Saturday, October 5, 2013

Ever Eat a Pawpaw?

Ripe PawPaws Just Picked From the Forest Floor
Do you remember these lyrics?

Look for the bare necessities
The simple bare necessities
Forget about your worries and your strife
I mean the bare necessities
Old Mother Nature's recipes
That brings the bare necessities of life

It is a song about living and eating wild.  Our living wild days are long gone but we can still enjoy wild food.  A fellow Bridge player has loads of wild pawpaw trees growing on her property and she kindly offered to let us gather some.  Gather we did.

I found the following information regarding pawpaws on
"...The pawpaw is native to the Midwest, Southern and Eastern United States and adjacent southernmost Ontario, Canada, from New York west to eastern Nebraska, and south to northern Florida and eastern Texas.”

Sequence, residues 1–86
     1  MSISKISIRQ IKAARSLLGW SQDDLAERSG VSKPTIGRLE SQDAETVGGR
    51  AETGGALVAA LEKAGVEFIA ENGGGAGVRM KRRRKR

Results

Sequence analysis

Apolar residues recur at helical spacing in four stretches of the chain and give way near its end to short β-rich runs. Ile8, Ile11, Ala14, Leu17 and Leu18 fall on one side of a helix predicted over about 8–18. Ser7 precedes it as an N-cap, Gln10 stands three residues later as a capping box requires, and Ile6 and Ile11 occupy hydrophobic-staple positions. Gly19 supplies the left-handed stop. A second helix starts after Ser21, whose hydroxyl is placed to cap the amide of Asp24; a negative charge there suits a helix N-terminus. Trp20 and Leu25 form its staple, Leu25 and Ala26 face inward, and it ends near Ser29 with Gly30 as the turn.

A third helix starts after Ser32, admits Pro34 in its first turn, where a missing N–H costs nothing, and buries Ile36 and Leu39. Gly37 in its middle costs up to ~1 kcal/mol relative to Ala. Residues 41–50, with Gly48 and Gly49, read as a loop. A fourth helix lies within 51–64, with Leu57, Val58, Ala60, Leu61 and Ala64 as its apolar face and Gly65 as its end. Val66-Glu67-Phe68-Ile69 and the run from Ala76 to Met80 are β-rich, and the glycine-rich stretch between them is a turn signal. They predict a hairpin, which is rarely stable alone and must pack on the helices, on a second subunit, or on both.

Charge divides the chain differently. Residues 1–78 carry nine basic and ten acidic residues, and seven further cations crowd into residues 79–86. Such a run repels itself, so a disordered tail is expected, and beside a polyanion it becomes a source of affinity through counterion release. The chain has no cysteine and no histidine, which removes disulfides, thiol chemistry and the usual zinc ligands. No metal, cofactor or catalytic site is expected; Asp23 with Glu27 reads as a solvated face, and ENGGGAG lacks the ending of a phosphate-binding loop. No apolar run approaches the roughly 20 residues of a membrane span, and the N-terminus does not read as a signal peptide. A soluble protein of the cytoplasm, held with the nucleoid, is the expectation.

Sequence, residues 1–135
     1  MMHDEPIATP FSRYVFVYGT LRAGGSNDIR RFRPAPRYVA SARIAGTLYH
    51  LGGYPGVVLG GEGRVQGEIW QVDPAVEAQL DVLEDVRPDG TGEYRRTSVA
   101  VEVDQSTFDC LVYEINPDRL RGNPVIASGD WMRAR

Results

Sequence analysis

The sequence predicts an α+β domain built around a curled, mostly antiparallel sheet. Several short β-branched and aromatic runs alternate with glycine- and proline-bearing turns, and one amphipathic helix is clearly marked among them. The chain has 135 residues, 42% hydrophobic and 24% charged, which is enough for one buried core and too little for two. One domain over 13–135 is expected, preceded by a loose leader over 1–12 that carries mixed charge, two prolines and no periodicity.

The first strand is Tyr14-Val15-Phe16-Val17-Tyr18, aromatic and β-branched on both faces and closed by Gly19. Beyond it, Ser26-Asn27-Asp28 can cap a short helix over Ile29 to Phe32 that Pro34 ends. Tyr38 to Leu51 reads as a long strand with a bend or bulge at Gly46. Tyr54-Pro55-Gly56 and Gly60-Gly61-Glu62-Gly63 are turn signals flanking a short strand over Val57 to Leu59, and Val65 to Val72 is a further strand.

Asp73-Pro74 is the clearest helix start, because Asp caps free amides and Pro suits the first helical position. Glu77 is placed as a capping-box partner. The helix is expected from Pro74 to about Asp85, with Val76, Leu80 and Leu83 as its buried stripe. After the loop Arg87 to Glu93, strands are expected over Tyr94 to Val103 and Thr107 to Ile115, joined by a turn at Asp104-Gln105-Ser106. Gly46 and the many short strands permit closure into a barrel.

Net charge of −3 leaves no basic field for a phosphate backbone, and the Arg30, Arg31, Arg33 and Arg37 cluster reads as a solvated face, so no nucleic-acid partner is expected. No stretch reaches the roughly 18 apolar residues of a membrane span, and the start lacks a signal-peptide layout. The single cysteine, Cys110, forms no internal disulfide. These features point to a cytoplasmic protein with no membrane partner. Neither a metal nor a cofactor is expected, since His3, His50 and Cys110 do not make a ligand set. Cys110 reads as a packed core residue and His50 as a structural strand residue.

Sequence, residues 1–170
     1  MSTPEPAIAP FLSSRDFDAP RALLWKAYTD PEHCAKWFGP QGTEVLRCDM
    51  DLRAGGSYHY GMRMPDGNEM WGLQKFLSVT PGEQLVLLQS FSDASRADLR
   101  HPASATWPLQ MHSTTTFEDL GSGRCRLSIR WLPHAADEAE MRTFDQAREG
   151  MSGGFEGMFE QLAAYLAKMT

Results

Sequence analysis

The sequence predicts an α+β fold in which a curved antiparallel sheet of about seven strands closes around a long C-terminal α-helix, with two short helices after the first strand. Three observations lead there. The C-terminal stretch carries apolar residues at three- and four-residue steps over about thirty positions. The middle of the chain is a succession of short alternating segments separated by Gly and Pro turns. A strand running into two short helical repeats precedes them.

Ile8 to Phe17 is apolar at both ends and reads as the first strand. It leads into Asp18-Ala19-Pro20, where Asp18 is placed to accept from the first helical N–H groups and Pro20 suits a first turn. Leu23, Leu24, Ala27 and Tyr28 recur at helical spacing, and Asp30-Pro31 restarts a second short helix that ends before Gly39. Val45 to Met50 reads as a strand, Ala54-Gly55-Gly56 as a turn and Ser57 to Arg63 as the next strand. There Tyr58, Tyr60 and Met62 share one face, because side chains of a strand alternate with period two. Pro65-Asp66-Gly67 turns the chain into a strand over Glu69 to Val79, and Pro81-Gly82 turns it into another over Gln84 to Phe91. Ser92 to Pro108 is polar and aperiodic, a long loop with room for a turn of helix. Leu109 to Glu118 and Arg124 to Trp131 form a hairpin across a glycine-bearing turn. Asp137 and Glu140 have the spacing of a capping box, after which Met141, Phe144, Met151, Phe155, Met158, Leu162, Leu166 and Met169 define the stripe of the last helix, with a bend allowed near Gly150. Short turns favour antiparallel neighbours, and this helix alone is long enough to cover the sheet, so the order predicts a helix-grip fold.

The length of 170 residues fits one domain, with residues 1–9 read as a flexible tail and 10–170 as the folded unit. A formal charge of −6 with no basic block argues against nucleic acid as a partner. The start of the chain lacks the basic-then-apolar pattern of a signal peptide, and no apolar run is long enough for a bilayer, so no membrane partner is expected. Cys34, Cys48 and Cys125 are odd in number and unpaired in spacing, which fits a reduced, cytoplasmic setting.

The Pawpaw tree bears fruit that is large, yellowish-green with a hint of brown. It contains many large brown seeds within the edible fruit pulp. When the Pawpaw trees flower, the fruit is first green and then begins to mature in September and lasts through October. During this maturity stage, the fruit becomes yellow or brown.
Our freshly gathered pawpaws sat on the kitchen island all night and when we woke, the most heavenly sweet fragrance was wafting through the house. 
The fruit was peeled, seeded, and pureed.  One cup of the puree went into a PawPaw bread recipe which I found (along with a plethora of other pawpaw recipes) on the  Kentucky State University website.

Pawpaw Bread Piping Hot in the Oven
Pawpaw Bread on the Cooling Rack
Pawpaw Bread - Or What's Left of It

The shiny black seeds were scattered throughout the wooded portion of our acreage.  Hopefully, in four or five years we'll have the Bare Necessities growing wild - right in our own backyard.

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